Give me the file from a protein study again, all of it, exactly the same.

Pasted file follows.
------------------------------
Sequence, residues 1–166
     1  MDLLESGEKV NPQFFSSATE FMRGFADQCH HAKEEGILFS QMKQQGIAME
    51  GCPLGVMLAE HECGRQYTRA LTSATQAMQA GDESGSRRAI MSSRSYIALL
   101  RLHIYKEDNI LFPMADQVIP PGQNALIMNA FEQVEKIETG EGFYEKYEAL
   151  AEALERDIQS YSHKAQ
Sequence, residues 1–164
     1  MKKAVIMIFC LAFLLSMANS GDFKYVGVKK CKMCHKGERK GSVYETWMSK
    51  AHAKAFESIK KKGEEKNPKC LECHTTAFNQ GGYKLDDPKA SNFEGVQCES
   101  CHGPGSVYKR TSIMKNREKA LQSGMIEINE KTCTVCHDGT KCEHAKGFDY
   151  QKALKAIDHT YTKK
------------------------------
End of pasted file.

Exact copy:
Sequence, residues 1–166
     1  MDLLESGEKV NPQFFSSATE FMRGFADQCH HAKEEGILFS QMKQQGIAME
    51  GCPLGVMLAE HECGRQYTRA LTSATQAMQA GDESGSRRAI MSSRSYIALL
   101  RLHIYKEDNI LFPMADQVIP PGQNALIMNA FEQVEKIETG EGFYEKYEAL
   151  AEALERDIQS YSHKAQ
Sequence, residues 1–164
     1  MKKAVIMIFC LAFLLSMANS GDFKYVGVKK CKMCHKGERK GSVYETWMSK
    51  AHAKAFESIK KKGEEKNPKC LECHTTAFNQ GGYKLDDPKA SNFEGVQCES
   101  CHGPGSVYKR TSIMKNREKA LQSGMIEINE KTCTVCHDGT KCEHAKGFDY
   151  QKALKAIDHT YTKK